7 tips to manage cloud sprawl in your enterprise
Cloud sprawl can lead to all sorts of unwanted surprises. Review these recommendations to get control over all the cloud resources across your business.
Organizations run into all sorts of problems when there is a lack of visibility and control over their cloud resources. Cloud sprawl is one of the biggest pitfalls associated with minimal oversight.
Cloud sprawl refers to the unchecked proliferation of an organization's cloud instances, services and service providers. It can lead to unexpected costs, security vulnerabilities and management nightmares.
It's critical for businesses to put controls in place to monitor their assets and prevent things from getting out of hand. Follow these tips to help manage cloud sprawl in your organization.
Create, maintain and evangelize a cloud strategy
Start by creating a cloud strategy and evangelize it across business units and departments. A proper cloud strategy covers a range of operations and management topics, including policies for migrations, users and role-based access controls. Your strategy needs to reflect the latest changes in your business strategy and roadmaps.
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What is cloud management? Everything you need to know
It should be a written document, published to a central repository and accessible to your organization's developers and stakeholders. Treat it as a reference document; don't rely strictly on an oral history or PowerPoint slide deck.
Don't let your cloud strategy sit in a SharePoint folder, either. You want to promote it internally when the opportunity presents itself. For example, include an introduction to your cloud strategy as part of developer onboarding; communicate reminders and updates of your strategy as part of an internal communication program. Also, project charters and other documentation should reflect your strategy when appropriate.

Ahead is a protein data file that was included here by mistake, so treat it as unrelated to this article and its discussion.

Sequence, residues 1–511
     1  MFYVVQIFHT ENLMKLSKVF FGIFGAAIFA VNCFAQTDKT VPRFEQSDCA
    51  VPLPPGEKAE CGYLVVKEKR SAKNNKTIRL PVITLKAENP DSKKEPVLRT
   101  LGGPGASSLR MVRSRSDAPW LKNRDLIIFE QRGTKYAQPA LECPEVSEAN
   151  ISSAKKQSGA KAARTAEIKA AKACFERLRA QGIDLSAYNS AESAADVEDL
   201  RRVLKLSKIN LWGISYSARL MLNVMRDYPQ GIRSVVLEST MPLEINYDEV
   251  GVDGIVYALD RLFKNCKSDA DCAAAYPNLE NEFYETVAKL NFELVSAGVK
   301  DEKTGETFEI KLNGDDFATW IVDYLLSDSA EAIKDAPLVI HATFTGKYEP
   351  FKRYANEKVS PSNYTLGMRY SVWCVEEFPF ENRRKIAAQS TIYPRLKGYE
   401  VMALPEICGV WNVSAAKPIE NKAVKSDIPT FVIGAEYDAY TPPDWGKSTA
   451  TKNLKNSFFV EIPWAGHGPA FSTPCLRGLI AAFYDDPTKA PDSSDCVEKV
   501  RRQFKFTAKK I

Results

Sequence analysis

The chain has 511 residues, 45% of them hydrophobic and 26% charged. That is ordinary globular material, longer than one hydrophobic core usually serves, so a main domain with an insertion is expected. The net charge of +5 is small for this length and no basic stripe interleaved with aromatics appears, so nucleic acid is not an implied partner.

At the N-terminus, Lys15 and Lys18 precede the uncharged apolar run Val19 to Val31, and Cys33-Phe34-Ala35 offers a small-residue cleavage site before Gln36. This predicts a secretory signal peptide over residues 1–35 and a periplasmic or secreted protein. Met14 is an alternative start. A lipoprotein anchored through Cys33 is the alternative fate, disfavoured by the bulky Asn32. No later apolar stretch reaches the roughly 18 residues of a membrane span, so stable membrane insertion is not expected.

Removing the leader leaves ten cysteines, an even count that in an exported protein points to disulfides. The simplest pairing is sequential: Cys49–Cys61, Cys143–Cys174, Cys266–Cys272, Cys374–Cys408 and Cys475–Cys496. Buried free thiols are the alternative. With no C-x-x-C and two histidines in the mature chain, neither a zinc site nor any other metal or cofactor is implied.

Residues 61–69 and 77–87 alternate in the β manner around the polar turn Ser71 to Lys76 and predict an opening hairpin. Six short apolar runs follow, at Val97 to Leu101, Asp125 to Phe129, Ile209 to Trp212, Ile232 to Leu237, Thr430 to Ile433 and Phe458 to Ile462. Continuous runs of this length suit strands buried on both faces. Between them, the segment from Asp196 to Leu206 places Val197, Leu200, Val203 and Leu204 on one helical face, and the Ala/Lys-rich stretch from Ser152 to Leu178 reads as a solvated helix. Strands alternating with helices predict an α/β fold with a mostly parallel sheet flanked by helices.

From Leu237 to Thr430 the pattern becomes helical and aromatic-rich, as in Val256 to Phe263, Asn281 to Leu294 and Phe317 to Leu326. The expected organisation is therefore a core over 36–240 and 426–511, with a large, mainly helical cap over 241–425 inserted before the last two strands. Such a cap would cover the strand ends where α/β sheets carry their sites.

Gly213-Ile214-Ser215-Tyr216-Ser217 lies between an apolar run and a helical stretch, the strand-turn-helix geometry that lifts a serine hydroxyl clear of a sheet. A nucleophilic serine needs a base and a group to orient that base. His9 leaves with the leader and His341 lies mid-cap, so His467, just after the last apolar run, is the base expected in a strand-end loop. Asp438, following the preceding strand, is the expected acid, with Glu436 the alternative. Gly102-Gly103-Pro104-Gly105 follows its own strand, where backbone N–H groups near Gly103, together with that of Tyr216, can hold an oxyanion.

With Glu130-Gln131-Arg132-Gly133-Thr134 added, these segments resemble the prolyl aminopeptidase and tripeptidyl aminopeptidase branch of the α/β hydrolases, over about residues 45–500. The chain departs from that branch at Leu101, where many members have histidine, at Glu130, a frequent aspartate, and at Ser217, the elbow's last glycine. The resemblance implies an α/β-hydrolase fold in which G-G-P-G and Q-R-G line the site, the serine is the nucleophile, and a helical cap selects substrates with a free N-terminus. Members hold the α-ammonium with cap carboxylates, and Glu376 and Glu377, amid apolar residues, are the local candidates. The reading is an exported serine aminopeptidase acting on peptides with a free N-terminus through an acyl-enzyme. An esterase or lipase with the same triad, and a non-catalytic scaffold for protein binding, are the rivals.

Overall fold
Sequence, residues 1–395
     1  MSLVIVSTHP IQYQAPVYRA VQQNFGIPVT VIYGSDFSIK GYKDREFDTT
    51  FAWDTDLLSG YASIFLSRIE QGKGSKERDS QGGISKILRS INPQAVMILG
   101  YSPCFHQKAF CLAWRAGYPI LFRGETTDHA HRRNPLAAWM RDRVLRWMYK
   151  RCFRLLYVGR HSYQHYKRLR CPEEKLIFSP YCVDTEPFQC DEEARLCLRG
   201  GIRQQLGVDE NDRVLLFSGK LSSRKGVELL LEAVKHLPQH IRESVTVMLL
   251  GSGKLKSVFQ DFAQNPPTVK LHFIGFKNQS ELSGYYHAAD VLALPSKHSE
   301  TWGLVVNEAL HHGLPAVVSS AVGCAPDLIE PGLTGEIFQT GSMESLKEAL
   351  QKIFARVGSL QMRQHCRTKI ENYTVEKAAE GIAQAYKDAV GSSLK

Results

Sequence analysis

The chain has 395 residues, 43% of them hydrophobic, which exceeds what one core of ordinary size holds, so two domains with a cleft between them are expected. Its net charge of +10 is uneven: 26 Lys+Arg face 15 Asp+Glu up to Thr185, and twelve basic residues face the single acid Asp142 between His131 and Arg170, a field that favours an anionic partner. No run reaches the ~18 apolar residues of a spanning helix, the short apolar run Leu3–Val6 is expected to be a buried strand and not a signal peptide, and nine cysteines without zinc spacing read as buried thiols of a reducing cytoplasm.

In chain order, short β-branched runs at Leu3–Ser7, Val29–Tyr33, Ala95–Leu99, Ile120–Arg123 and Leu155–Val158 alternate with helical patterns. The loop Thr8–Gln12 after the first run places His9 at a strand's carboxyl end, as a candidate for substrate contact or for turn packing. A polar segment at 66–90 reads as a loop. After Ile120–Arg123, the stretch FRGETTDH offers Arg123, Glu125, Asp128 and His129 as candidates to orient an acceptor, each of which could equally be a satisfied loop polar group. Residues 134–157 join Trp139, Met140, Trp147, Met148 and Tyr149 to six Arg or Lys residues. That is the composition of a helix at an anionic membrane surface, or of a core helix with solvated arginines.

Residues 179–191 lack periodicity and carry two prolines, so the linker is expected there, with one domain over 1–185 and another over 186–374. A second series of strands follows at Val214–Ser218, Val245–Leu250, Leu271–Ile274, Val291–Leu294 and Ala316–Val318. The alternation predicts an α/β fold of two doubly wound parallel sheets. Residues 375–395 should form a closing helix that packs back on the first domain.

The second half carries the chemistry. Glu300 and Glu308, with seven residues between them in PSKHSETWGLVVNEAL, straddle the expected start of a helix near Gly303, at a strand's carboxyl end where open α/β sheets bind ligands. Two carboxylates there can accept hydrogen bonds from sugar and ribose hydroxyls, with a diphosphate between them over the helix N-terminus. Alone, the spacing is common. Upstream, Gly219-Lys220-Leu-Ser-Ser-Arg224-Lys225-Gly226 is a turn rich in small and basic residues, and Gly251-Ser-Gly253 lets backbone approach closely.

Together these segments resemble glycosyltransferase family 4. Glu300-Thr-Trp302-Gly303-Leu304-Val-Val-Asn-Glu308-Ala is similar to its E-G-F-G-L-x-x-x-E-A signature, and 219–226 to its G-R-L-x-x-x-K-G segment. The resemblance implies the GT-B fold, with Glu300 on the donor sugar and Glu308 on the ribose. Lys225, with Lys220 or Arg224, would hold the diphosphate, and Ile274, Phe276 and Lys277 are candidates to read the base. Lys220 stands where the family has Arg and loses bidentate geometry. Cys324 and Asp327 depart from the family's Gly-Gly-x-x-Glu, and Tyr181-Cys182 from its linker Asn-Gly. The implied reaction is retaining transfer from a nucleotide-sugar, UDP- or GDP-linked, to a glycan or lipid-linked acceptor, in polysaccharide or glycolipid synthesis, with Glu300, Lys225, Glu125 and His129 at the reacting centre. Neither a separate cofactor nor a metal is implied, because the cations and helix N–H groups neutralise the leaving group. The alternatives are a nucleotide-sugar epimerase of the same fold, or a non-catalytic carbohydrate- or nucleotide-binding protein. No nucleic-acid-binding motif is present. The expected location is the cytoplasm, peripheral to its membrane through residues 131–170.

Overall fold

Develop, implement and iterate cloud policies
Policies, which should be part of your overall cloud strategy, are another tool to manage cloud sprawl, as long as technology and business teams work together to implement them.
For example, suppose you want policy controls that enable the automatic shutdown and de-provisioning of workloads and VMs. You'll need input from the business side about when it's OK to shut down those resources so the policy accurately reflects the needs of your current operations.
If your organization has BYOD, consider how those devices interact with your data and approved services. Likewise, you'll need governance policies to prevent your corporate data from finding its way to potentially unapproved cloud services.
Map your journey with a cloud migration framework
A well-documented cloud migration framework charts a course for your business units from on premises to the cloud. It should cover how your organization manages resources, including integration, configuration automation, as well as capacity and resource automation. It should also document how to handle multi-cloud management, including service catalogs or self-service portals for users, dashboard reporting, and multi-cloud provisioning or orchestration.
The framework should extend to governance, including policy execution and management, cost optimization and SLA management. It should focus heavily on security and compliance, regardless of your industry.
Implement a cloud management platform
Use the tools available through a cloud management platform, such as CloudBolt or CloudTamer, to get an initial handle on sprawl in multi-cloud environments. These services can be used to implement a management and governance strategy that guides your managers, stakeholders, developers and operations teams throughout the whole application lifecycle -- from provisioning to deployment to operations.